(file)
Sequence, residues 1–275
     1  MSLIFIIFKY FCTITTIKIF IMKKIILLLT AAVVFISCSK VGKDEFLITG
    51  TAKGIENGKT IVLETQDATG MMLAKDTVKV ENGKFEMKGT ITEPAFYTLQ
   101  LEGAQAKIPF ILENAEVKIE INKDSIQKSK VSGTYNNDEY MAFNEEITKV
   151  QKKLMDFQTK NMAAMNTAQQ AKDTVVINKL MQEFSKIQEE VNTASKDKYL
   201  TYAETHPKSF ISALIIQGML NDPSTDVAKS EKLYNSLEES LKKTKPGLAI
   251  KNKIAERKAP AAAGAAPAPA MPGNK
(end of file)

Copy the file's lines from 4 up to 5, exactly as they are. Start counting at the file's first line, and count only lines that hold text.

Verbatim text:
   101  LEGAQAKIPF ILENAEVKIE INKDSIQKSK VSGTYNNDEY MAFNEEITKV
   151  QKKLMDFQTK NMAAMNTAQQ AKDTVVINKL MQEFSKIQEE VNTASKDKYL